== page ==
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Background: Adolescent pregnancy can cause serious problems in terms of the mother, baby and social aspects. There are a limited number of studies worldwide examining the self-efficacy level of adolescent pregnant women in labour. This study was conducted for the purpose of determining and comparing the self-efficacy at birth of adolescent pregnant and adult pregnant.
Materials and Methods:The research had a descriptive cross-sectional design. The study sample consisted of a total of 292 pregnant women, 73 pregnant teenagers and 219 adult pregnant women, who enrolled in a state hospital in Turkey. The study data were collected by the researcher using the Pregnancy Presentation Form and the Turkish version of the Short Form of Childbirth of Self-Efficacy Inventory. The aim of the study was to determine and compare the self-efficacy in childbirth of adolescent women and pregnant adults. Considering the definition of self-efficacy in childbirth as "confidence in the woman's ability to deal with birth". And assuming that there are two types of expectations that influence the behavior of childbirth: the expectation on the result and the expectation on the effectiveness. In this way, a very clear analysis was carried out on the concepts treated in the text. What they understood about pregnancy in adolescence and adulthood was also defined, according to the World Health Organization; teenage pregnancy is defined as pregnancy in girls aged 10 to 19 years. The average age of adult pregnant women was 27.17 years. The entire methodology was rigorously detailed, as well as the location of the research and the subjects. This research was approved by a research ethics committee.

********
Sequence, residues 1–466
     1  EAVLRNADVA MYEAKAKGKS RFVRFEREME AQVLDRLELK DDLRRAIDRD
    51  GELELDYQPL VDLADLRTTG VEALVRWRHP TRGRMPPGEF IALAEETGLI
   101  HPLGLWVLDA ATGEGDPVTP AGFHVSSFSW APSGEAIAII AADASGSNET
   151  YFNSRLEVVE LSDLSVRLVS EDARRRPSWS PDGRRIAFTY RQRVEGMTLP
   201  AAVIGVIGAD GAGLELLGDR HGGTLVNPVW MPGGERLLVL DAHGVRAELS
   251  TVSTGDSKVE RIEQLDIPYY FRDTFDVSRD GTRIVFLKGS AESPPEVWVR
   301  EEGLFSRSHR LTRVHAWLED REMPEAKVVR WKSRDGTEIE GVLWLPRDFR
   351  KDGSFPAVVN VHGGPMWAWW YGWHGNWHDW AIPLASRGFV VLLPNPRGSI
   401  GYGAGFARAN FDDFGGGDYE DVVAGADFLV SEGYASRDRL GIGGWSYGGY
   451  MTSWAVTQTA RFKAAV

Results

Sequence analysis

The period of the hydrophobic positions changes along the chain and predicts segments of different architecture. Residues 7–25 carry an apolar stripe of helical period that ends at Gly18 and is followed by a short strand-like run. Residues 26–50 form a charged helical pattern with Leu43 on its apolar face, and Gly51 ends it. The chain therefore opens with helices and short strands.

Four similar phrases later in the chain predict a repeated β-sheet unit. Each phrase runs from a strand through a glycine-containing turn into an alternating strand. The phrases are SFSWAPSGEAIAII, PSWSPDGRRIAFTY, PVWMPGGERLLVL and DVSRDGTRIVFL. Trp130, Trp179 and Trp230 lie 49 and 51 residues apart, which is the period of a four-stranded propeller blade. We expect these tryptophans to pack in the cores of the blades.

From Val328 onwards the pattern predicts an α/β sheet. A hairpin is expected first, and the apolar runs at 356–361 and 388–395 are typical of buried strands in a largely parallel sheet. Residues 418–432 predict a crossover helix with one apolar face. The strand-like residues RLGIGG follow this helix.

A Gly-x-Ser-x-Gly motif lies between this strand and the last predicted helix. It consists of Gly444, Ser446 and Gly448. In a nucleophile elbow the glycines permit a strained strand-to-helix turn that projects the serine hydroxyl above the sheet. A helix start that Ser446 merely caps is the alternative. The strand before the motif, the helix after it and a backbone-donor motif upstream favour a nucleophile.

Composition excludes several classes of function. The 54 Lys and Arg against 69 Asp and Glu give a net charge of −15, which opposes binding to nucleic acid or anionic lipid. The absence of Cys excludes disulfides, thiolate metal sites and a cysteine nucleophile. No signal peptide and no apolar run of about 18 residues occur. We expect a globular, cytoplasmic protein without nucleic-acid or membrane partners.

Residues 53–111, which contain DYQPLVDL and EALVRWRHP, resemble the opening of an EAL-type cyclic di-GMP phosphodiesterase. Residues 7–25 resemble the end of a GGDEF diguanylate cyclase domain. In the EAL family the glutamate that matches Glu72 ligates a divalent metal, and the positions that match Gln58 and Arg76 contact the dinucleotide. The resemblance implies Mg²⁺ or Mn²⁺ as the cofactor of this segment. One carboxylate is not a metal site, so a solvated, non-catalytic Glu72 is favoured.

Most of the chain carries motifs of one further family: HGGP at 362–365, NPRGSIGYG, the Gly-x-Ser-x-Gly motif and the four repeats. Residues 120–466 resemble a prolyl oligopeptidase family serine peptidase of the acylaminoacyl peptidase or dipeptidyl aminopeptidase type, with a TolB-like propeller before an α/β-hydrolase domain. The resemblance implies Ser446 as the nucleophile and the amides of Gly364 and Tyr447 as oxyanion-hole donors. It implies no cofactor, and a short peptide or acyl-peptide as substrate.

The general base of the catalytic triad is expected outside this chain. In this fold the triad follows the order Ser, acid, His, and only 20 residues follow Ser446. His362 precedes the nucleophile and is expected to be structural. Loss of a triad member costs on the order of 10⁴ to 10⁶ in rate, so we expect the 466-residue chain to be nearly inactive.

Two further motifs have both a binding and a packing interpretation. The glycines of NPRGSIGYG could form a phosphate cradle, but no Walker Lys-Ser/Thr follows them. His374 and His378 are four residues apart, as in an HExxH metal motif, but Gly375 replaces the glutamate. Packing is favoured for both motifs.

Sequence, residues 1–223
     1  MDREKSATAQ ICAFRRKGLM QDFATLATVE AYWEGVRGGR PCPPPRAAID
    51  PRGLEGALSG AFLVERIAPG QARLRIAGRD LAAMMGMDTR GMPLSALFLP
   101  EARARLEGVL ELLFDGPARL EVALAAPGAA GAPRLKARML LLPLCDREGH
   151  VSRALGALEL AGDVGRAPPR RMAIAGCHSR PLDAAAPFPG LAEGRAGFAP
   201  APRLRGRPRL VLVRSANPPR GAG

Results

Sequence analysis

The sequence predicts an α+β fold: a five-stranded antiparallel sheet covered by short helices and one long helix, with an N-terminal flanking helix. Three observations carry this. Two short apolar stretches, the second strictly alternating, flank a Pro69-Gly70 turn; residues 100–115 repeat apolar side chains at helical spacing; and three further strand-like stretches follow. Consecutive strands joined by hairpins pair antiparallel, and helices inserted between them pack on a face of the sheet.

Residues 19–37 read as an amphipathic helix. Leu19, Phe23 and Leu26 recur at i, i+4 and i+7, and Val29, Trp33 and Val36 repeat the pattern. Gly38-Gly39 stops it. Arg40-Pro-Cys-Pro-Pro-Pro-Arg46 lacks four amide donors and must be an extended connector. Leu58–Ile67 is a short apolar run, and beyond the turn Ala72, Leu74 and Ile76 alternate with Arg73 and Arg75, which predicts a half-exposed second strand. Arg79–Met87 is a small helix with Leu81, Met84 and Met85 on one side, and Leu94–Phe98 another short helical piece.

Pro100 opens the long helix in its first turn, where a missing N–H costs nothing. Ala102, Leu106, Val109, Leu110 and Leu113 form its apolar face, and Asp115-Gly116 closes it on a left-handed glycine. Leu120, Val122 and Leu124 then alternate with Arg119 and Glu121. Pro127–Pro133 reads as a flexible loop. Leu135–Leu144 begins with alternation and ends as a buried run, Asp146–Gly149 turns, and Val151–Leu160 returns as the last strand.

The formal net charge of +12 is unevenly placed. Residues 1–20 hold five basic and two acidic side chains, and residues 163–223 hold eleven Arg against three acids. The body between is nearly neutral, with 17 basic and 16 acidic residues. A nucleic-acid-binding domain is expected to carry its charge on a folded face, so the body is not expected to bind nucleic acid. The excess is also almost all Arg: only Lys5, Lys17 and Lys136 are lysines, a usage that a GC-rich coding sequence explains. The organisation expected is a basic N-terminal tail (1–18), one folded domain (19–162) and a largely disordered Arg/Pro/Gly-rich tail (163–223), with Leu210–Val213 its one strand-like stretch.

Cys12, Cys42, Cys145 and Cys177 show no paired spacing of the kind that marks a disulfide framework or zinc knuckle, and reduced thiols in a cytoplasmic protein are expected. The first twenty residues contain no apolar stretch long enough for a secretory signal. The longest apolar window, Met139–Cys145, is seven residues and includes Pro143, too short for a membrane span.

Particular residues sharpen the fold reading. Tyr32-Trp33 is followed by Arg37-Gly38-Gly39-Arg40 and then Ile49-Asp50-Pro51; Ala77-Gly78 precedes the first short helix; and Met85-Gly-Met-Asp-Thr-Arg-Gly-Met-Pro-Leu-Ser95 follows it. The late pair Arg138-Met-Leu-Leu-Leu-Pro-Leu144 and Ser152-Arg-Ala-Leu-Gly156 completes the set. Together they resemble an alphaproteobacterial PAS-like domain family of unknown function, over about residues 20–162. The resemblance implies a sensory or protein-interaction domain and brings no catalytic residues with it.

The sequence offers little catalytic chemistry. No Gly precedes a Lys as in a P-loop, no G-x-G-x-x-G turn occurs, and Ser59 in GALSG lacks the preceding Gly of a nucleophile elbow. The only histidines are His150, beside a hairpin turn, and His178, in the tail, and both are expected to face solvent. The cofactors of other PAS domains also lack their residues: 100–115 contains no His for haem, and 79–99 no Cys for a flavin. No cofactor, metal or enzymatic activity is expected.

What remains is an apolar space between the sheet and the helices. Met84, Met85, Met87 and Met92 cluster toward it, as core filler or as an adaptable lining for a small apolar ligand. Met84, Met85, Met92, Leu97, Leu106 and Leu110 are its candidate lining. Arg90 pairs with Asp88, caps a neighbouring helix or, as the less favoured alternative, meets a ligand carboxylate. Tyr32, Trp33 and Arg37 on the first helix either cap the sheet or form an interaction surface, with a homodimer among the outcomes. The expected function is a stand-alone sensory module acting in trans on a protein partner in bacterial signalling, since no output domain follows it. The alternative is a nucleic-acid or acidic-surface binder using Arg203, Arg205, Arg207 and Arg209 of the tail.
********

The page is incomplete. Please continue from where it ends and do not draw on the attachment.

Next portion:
Results: The average scores of the Turkish Version of the Childbirth of Self-Efficacy Scale-Short Form calculated for adolescent pregnant as 237.84±34.87, and 257.53±30.29 for adult pregnant. The average scores of “Outcome Expectancies” calculated for adolescent pregnant as 132.89±16.41, and 142.59±13.58 for adult pregnant. The average scores of “Efficacy Expectancies” calculated for adolescent pregnant as 104.95±23.44, and 114.94±23.70 for adult pregnant.
Conclusion: Asignificant difference was found between the Childbirth of Self-Efficacy Inventory total and subscale scores of adolescents and adult pregnancies. Being adult, living in a large family, multiparity, and social support increased self-efficacy at birth.
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